For a while, the ruse worked, says Khouri. But the regime cottoned on and in 2013, she was detained for four months. "We were only allowed out to the toilet once every 24 hours, at 3 am in the morning." This was because, explains Khouri, they were torturing people the rest of the time "between our space and the bathroom." Sometimes, when the women got to the bathroom, there would be dead bodies lying there. "They didn’t care," says Khouri about the regime. "They wanted us to see what they were doing."
Sometimes, Khouri knew the people or recognized the voices of those being tortured. Once, in her cell, she heard the voice of a child. "He was just 13," she remembers. "I knew his mother and when he said he was 13 years old, immediately my son came to my mind." The boy, she says, was being forced to stand on a chair with a rope around his neck. They were threatening him that if he didn't admit to killing someone, they would first hang his mother and then him. "The boy was pleading with them not to kill his mother," Khouri remembers sadly. "He said, kill me, but please don't kill my mother."On hearing this, Khouri begged the guards to let her talk to the boy, telling them she would get the information they wanted. "It was very hard for me to hear that," she said. "I wanted to do this just to hug him and tell him 'don’t worry about your mother.' This is a small part of the horrible things the regime did," says Khouri.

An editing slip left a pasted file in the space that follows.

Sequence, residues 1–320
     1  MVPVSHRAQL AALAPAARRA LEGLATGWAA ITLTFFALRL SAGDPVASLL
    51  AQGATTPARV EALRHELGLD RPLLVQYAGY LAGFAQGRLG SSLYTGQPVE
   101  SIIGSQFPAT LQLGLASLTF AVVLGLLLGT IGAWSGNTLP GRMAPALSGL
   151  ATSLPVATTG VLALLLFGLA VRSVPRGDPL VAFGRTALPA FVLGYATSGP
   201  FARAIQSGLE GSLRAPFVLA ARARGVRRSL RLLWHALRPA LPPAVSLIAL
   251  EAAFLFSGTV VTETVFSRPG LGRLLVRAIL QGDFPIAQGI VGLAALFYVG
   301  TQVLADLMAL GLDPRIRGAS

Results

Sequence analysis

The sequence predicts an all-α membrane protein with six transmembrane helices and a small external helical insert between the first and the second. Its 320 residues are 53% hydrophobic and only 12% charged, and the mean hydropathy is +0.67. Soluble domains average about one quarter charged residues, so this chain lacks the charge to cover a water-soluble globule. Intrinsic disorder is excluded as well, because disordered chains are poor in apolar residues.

She was eventually allowed a few minutes with him, and she tried to tell him that she would get a message to his mother and that she would be safe. But the attempt doesn't have a particularly happy ending. "Since then the boy has not been found," says Khouri baldly, without speculating about what might have happened. The subject is quietly closed.
Despite her experiences, on being released, Khouri was determined to stay in Syria and keep fighting for the country she wanted it to become. "Assad must go," she says determinedly. "It is time." But after frequent raids on their home, and periods in hiding, in 2016 Khouri was forced to use a smuggler and begin an 18 hour "dangerous" journey to get her over the border to Lebanon.